You’ve made it to every class, you’ve never missed office hours and you’ve spent every free moment studying. Of course when the exam grades get posted, you end up with a “B” while that jerk in the front row got an “A,” the granddaddy of all grades. Your professor may be set on protecting the sanctity of the “A” or your seemingly perfect study routine may be missing a key component. Either way, check out 10 student tips to bump that “B” to an “A.”
1. Do it For the Eggs
“Find ways to make the class interesting for you. For my friend Alec and I, it was rewarding ourselves with omelets after.” – U.K. Musa, Junior, Georgia Tech
2. Find the Diamond in the Rough
“When you focus on what you find interesting about a class and connect with that, it makes you feel invested, which increases your determination to get that “A.” Look at those boring classes as stepping stones to future interesting ones.” – Griffin Shauer, Junior, University of Wisconsin-Madison
3. Find Your Happy (Study) Place
“One of my keys for success is finding a spot away from my apartment/room to work on homework and only homework. So every time I go to that place I know it’s homework time and nothing else. For me, it’s a corner seat at Starbucks that I like to go to.” – Ashlynn Montgomery, Senior, University of Minnesota-Mankato
4. YouTube it.
“I used resources outside of the class to help me learn the material better. For example, if I was confused about something in my physics class, I looked it up on YouTube. I watched a ton of videos, or I searched it on the Internet to find a legitimate answer.” – Rachel Douglas, Sophomore, University of Wisconsin-Eau Claire
5. See the “A”…Be the “A”
“Don’t settle for anything less than the grade you want. I find it very easy to compare myself to others and be okay getting average or just above average scores. But in order to get an “A,” I can’t settle, and I know that I have to put in more effort. Motivation is huge.” – Mitchell Pagel, Junior, University of Minnesota-Twin Cities
6. No Binging. No excuses.
“Not working on things in one huge chunk is extremely beneficial. You’ll come back to the work with a refreshed mind and perspective. Don’t tire yourself out in one go because you procrastinated, or are determined to knock it out all at once.” – Zaire Lanier, University of Wisconsin-Milwaukee Class of 2015
7. Learn How to Test the Test.
“Concentrate on the type of test giver the teacher is. On the first test, see what type of questions are being asked, how they are being asked and what all is expected in the answer. It makes studying that much easier, and you can make an educated guess on what the next test will entail.” – Vashti Newble, Senior, Wisconsin Lutheran College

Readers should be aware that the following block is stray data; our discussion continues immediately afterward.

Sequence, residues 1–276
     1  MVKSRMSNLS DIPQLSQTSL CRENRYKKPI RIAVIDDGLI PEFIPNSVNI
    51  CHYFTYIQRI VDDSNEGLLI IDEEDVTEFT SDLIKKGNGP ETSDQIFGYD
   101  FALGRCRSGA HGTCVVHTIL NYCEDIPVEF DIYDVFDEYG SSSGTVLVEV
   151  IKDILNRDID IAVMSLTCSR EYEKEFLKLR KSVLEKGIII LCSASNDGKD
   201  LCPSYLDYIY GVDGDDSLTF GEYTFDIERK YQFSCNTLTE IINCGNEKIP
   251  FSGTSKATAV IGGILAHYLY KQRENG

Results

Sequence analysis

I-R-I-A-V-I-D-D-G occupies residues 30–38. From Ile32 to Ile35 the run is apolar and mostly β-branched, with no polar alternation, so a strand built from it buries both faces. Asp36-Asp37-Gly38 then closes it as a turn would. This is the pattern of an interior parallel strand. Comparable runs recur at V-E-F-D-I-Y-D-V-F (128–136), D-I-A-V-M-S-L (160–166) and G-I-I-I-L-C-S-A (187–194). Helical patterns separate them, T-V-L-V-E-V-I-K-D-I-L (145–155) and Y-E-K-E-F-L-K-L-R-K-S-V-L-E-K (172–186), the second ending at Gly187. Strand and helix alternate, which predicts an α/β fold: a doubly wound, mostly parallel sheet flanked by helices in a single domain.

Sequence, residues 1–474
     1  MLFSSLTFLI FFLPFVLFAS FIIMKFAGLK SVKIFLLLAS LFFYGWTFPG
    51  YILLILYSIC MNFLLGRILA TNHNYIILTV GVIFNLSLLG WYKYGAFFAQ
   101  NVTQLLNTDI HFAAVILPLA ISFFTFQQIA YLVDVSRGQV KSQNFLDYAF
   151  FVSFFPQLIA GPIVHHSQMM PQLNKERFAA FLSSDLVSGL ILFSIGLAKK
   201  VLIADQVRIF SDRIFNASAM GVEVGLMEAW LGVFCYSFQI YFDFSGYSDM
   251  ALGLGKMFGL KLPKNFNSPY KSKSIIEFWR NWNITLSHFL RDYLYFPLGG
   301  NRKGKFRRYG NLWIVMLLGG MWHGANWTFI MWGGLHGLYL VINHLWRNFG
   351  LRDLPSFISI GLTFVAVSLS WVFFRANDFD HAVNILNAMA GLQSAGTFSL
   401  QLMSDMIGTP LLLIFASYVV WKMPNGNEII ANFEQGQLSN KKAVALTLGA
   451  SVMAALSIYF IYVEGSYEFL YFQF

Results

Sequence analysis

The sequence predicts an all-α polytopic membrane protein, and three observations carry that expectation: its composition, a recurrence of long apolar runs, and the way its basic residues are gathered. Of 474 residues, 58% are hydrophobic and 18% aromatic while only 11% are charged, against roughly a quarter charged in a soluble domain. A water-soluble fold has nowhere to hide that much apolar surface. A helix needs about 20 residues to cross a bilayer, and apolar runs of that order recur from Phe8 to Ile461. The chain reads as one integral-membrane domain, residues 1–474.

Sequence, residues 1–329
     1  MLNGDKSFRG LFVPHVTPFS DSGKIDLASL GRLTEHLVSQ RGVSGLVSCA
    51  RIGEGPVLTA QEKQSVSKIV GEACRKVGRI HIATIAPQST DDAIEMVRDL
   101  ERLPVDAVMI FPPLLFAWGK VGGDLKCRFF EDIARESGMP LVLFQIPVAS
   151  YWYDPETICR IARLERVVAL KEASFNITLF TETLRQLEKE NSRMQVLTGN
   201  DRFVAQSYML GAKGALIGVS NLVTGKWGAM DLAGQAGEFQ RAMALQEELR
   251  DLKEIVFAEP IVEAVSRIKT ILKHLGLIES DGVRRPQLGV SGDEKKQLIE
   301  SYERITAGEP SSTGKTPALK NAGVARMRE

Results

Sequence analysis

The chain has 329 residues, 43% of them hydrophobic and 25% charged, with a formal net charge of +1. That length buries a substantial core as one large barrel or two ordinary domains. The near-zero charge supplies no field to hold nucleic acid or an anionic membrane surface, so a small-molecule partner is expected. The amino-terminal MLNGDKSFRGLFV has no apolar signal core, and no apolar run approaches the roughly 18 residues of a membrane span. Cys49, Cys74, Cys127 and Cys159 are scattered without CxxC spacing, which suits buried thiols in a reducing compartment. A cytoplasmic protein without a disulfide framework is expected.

8. Professors are People too.
“Go and talk to your professor about what’s going to be on the test or quizzes. Building rapport with my professors helped me like them and want to please them with an “A.” Professors actually do want their students to succeed and talking to them helps you know what to prepare for.” – Sarah Strache, Senior, Universtiy of Wisconsin-Platteville
9. Keep it Fresh.
“When you’re listening to a lecture, you’re so focused on trying to get all the info in your brain that you might not fully understand it all. Going through your notes right away, with the info still in your mind, can help you process all the new info at your own pace without the pressure. Plus, repetition is key. As you read through your notes, you’re creating a kind of story. The more you can look at something and have the storyline in your head, the more you’ll remember it.” – Betsy Boggs, Senior, University of Northwestern-St. Paul
10. When You See the Iceberg, Call the Captain
“Make sure you get help, if you don’t understand the material early instead of waiting until the test to make sense of it. In thermodynamics, structural analysis and statics, putting in an effort to understand the material early on helped me get way better grades then waiting until a week or two before the exam.” – AlTonio Iyasele, Junior, University of Wisconsin-Madison